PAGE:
New York Giants offensive lineman Nate Solder became the most high-profile player to opt-out of the 2020 NFL season, as the former first-round draft pick announced his difficult decision on Wednesday. Solder said, after consulting with his family, he has decided to pause for this season.
A major factor for Solder? His son, who is battling cancer. Having a high-risk child changes the equation completely. Solder himself is a cancer survivor, having battled testicular cancer five years ago.
— Nate Solder (@soldernate) July 29, 2020
“Our family has health concerns, most notably our son’s ongoing battle with cancer, as well as my own bout with cancer. We also welcomed a new addition to our family this spring, a baby boy,” Solder said in his statement. “With fear and trembling, we struggle to keep our priorities in order and, for us, our children’s health and the health of our neighbors comes before football.”
Solder is giving up a lot trading a season as an offensive tackle for a season just as a dad. He would’ve made nearly $10 million in salary to play the 2020 season. Instead, he’ll collect the $350,000 stipend $9.9 million this season and now will collect only the $350,000 stipend the NFL is allowing for high-risk players who opt-out.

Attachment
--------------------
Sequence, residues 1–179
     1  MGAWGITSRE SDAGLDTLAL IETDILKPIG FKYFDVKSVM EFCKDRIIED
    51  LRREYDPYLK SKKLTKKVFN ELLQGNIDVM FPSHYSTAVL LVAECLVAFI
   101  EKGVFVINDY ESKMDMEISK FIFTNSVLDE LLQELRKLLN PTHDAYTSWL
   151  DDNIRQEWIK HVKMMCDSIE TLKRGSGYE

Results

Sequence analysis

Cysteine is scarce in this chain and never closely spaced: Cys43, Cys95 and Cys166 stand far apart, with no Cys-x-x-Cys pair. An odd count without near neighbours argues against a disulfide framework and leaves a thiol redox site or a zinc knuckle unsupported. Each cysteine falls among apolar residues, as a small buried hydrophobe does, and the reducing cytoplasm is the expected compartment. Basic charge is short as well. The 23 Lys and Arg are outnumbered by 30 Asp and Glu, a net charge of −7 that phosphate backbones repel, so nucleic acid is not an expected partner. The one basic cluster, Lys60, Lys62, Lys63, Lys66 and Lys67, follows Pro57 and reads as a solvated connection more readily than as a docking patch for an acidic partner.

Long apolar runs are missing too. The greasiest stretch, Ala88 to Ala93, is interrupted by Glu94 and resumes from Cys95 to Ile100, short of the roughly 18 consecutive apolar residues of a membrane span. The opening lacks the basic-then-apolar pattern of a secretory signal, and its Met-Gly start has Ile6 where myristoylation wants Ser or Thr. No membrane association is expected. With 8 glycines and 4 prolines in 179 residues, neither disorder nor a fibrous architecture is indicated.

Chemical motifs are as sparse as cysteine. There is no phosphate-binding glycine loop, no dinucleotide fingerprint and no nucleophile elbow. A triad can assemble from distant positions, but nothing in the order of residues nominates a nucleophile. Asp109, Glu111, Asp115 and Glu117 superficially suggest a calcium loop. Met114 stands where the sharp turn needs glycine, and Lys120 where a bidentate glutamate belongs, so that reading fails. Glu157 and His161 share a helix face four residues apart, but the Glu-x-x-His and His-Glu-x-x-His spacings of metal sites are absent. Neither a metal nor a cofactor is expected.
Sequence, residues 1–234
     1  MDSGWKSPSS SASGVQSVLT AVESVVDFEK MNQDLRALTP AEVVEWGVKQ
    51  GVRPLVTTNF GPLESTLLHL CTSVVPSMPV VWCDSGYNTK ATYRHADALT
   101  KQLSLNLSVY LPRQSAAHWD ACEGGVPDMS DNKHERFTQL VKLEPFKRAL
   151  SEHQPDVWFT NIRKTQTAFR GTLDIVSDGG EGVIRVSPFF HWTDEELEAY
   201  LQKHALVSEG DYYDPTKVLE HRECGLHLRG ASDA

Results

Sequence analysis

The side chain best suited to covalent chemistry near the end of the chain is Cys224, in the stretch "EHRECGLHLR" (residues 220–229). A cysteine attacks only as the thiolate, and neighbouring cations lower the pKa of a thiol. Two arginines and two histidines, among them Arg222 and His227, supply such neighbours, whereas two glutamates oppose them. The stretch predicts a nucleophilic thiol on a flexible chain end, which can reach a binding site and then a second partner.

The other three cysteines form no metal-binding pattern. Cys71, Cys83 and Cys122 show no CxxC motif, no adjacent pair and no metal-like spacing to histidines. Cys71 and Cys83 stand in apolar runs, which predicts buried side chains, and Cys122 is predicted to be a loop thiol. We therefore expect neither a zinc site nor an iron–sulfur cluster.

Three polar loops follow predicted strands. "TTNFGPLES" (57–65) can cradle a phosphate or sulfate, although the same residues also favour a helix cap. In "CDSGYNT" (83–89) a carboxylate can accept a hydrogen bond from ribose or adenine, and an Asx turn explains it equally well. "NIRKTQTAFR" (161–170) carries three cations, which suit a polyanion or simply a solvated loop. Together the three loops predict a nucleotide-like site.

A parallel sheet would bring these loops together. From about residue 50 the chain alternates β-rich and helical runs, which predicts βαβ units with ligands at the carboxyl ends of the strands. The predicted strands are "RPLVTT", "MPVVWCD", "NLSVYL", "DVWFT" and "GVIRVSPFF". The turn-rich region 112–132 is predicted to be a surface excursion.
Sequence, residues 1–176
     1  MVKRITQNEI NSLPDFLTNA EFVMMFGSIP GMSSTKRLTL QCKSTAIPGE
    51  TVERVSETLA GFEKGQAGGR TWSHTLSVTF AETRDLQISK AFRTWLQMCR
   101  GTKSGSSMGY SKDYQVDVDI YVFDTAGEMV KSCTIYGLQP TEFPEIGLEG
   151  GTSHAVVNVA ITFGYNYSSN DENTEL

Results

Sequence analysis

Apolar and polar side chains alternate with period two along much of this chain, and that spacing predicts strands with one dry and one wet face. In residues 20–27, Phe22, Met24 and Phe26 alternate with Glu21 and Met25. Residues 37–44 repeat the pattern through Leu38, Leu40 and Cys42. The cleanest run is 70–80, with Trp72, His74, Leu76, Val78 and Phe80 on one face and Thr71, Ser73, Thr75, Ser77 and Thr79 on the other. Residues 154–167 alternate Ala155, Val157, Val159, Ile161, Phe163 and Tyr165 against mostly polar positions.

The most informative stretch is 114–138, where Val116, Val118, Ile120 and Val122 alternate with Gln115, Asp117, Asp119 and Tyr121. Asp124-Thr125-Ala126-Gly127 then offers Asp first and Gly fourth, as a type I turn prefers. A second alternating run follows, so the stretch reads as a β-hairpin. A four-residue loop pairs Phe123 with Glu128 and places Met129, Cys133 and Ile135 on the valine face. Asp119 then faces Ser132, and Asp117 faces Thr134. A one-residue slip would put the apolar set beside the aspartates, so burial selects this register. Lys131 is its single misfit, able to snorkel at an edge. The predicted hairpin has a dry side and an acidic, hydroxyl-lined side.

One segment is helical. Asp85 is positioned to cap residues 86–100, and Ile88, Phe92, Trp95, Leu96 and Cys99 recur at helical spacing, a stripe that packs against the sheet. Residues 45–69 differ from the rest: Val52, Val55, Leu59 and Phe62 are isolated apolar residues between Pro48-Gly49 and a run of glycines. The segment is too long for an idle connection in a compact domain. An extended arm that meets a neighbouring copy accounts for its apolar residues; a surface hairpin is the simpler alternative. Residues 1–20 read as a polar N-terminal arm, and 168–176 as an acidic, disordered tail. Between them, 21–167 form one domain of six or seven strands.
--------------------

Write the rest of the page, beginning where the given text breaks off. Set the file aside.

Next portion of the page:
Solder has made a name for himself with a long career (by NFL standards) marked by being a starter on several Super Bowl-winning teams, but even more so by his actions off the field. Solder is a giant of a player (he’s 6-9 and over 300 pounds), but his heart is even bigger, as he’s made a habit of supporting multiple charities and causes. His outstanding charity work earned him a nomination for the NFL’s “Man of the Year” award on multiple occasions throughout his career.
Nate Solder deserves respect and compassion for what had to be an incredibly difficult decision, especially when his own health and the health of his son are the issue.
If you’re celebrating this, get a grip on your priorities and your humanity.
— Ralph Vacchiano (@RVacchianoSNY) July 29, 2020
Giant head coach Joe Judge, who also was a coach on the Patriots staff while Solder was in New England, said Nate made the decision that was best for his family, and that the entire organization supported him in that decision.